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Our article on Mawlynnong and the Living Root Bridges appeared in The Eclectic Times (http://www.eclecticmag.com) October, 2012 Issue.
Mawlynnong is known to the world for being the cleanest village in Asia (as rated by the travel magazine Discover India), and the unique living root bridges in the neighbouring villages. Mawlynnong and the other small villages surrounding it in the East Khasi hills of Meghalaya remained hidden and unexplored until just a few years back. It took us only about an hour after leaving Shillong, to realize that we were in a different world all together. It was monsoon and we were where it rains the most. The hilly road, with its share of parabolic turns and slippery slopes, was covered with dense white clouds and the pitch glistened due to the slight drizzle.
Now what does ‘the cleanest village in Asia’ actually signify? Well to cut the suspense, the village paths are beautifully planted with flowers and every home is a small garden painted with wonderful colours. The people take good care that the village and its surroundings remain clean all the time. The outsiders are supposed to take back all the junk they bring along.
Mawlynnong lies very close to the Bangladesh border at Dawki and statistics claim that the village has a 100% literacy rates. There are no beggars either, and they welcome tourists, both national and international, quite heartily.
Mawlynnong – The Village
By the time we reached our guesthouse at Mawlynnong it was raining torrentially. We realized that our city umbrellas were miserably insufficient for the world-famous rains here.
The guest house that we had booked was a small cosy bungalow with two rooms and a wooden restaurant adjacent to the bungalow. Just next to the restaurant was an around 30-feet high view tower from which the plains of Bangladesh could be seen. We walked up to the top of the bamboo structure, taking a chance of the few minutes of clear sky. Balancing ourselves on the narrow bamboo stairs we reached the platform at the top – lo and behold, the green plain of Bangladesh was spread at a short distance from us. There were dark black clouds sailing from the infinite horizon over the stretched out greenery and water bodies. On straining our eyes, we could see tiny lights twinkle like stars, spread over hundreds of miles of plain land. Our cameras were in the room and we knew that if we go to get it, by the time we return the clouds would devour the skyline. And so it happened. Just in the next five minutes.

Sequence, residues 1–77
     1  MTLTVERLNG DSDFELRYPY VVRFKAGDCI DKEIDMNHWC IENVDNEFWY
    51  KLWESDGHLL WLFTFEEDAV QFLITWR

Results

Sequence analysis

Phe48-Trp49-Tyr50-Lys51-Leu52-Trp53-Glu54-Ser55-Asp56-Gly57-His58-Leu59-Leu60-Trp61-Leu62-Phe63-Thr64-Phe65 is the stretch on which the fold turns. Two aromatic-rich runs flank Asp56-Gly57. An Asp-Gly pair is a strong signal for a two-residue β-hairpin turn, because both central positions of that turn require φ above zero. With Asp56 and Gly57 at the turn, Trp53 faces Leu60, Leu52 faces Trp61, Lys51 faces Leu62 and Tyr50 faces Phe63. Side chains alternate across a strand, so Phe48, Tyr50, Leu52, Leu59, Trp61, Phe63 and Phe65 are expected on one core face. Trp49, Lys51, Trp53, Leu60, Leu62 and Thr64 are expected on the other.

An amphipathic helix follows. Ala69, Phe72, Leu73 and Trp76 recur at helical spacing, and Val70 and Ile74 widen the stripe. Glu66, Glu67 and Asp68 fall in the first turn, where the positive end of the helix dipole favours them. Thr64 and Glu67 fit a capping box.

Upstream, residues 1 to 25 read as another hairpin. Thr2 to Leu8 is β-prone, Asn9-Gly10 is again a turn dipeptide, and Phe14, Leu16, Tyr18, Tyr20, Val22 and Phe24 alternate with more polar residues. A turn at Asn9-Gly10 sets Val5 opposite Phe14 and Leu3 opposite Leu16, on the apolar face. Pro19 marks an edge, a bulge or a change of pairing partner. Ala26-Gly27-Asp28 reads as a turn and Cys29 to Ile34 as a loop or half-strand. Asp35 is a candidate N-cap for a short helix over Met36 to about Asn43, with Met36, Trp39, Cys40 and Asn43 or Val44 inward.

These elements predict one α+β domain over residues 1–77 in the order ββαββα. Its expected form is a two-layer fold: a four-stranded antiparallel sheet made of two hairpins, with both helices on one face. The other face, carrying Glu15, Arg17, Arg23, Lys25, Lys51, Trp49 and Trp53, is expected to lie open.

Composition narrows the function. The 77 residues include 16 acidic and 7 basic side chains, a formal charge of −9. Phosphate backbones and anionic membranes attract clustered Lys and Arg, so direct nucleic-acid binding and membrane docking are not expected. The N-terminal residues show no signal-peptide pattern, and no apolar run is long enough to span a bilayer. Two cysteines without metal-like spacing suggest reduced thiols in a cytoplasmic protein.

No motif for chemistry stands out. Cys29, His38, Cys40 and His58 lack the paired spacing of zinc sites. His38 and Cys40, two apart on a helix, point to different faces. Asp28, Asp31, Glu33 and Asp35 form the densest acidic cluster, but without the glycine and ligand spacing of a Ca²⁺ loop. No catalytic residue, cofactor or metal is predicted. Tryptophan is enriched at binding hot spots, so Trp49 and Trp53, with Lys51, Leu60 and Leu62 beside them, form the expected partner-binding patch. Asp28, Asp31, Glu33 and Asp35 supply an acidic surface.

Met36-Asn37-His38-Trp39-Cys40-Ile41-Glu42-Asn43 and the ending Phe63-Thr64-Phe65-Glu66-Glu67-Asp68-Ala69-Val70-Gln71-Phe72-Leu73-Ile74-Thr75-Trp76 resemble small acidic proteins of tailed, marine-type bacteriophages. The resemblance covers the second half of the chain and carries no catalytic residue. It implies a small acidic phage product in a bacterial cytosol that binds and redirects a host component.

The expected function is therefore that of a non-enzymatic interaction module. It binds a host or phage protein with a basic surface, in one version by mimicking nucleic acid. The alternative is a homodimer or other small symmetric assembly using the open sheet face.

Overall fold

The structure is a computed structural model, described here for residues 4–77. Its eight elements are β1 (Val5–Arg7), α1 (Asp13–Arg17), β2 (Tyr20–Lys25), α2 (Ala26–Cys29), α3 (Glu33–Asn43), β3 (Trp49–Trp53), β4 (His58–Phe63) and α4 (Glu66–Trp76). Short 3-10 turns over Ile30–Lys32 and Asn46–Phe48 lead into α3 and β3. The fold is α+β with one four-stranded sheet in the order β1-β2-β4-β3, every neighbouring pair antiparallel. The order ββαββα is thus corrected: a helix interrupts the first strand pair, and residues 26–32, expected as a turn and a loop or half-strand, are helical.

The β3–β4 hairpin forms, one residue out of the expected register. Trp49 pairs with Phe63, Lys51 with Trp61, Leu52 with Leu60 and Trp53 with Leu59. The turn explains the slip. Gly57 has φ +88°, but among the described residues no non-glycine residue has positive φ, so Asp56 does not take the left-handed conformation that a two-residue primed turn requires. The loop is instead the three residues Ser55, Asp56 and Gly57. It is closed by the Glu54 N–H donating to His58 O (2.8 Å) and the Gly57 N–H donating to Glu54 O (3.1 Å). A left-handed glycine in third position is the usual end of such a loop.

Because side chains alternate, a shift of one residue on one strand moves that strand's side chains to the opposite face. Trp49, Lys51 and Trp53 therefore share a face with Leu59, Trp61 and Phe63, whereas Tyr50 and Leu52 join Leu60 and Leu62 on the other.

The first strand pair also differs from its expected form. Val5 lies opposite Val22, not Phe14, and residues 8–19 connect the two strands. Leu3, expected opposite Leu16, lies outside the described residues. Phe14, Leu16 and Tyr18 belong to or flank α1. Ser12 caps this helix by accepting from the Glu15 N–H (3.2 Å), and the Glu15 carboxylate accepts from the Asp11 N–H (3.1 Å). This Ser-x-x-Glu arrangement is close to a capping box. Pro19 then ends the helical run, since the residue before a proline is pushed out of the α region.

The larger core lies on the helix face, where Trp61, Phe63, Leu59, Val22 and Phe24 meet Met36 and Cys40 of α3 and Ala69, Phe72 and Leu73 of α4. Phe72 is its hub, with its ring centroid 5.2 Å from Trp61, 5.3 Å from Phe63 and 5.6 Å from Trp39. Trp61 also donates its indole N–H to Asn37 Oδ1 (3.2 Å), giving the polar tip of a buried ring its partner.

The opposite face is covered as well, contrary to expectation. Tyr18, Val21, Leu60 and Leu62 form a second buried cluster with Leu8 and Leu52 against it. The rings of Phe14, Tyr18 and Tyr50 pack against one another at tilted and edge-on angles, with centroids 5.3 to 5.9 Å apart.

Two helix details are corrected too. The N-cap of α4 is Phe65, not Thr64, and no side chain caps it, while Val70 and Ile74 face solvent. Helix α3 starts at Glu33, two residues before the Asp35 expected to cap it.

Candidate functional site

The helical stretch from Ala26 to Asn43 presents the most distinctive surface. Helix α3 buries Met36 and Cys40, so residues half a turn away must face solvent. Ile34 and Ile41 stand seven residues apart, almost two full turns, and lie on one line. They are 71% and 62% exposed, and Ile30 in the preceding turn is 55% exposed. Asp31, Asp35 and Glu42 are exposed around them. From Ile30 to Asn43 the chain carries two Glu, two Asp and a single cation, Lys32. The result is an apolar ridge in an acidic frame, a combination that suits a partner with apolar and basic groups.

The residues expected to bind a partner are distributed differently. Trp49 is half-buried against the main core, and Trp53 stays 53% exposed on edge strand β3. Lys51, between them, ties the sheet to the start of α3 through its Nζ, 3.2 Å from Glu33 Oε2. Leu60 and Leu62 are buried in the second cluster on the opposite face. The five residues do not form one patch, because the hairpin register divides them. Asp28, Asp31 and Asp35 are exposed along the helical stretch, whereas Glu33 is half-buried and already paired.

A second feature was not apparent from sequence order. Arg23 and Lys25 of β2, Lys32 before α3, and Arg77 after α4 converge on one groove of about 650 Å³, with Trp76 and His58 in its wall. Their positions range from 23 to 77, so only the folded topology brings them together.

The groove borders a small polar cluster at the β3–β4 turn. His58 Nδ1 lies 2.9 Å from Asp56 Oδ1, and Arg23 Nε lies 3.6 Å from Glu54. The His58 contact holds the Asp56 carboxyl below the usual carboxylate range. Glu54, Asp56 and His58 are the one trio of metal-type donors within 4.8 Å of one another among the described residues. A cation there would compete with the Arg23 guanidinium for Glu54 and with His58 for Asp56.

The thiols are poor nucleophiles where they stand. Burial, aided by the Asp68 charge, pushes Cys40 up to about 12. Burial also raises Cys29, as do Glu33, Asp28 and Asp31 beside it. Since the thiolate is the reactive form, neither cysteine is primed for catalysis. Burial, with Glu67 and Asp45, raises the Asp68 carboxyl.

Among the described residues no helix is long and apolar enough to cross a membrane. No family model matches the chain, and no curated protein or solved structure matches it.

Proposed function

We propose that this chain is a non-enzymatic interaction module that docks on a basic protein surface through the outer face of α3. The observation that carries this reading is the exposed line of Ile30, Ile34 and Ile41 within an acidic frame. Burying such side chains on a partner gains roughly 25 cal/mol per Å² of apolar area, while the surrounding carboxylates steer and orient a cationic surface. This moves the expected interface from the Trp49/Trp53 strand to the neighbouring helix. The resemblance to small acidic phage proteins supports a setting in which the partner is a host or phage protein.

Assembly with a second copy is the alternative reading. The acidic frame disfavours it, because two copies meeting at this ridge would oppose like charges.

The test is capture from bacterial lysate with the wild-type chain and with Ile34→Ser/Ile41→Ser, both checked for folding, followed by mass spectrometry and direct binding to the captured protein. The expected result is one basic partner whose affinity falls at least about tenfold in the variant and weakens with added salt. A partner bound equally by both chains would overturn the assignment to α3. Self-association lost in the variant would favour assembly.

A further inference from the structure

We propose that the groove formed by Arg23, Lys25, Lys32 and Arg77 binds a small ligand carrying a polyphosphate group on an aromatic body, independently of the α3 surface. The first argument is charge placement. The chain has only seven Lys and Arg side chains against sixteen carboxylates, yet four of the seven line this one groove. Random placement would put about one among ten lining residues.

At night, while having dinner in the restaurant, we got introduced to Leaderfield- a jovial young Khasi fellow and our guide in Mawlynnong. It was decided that early next morning we would trek to the Wahthyllong living-root bridge along with Leader.
The Wahthyllong Living Root Bridge
In order to reach Riwai (the village which houses the Wahthyllong Bridge) we had to trek for a little more than half an hour, through the sloppy terrain of the region. Further, we had to descend steep-slippery-natural-stone stairs lined by moss and algae due to the monsoons for the next ten minutes. Leader informed us that such stairs are very common in Meghalaya and the locals are quite used to it.
As we followed the sound of a gushing mad river into the forest area, suddenly out of the clouds emerged a massive structure, the living-root bridge. Two banyan trees were planted on the two sides of the river, and their roots from all sides held together a narrow path made up of stones and gravel. And below the bridge flowed the Wahthyllong River flowing in cascades and jumping eccentrically all the while creating a deafening sound.
Typical only to the Khasi Hills region of Meghalaya in the world, the story of the living-root bridge is something like this- around 700 years ago, natives (“our fore-fathers” as our guide called them) planted two banyan trees on the two banks of the river and around fifty years after that, when the roots came out properly, they tied it together with long bamboos, and thus the living-root bridges were formed. In broken English, Leaderfield described the living-root bridges as “a natural bridge shaped by humans”. They grow in strength with age as the growing roots become more prominent. While some parts of these roots give strength to the whole structure, the other parts are weaved into handrails used for walking on the bridge.
If you wish to witness it the way we did, you have to go there first thing in the morning; else you will find hordes of tourists during the daytime.
The Berdaw Fall
Leaderfield and our guest house owner, Rishot, told us that if we really wanted to witness what the Khasi hills are all about we should visit the Berdaw Fall in this season. Meghalaya is well known for its falls. Cherrapunjee and Shillong boast of a number of them but the manner in which our hosts told us about it, our curiosity crossed all limits. “I don’t think you have seen anything like this ever before”, said Rishot.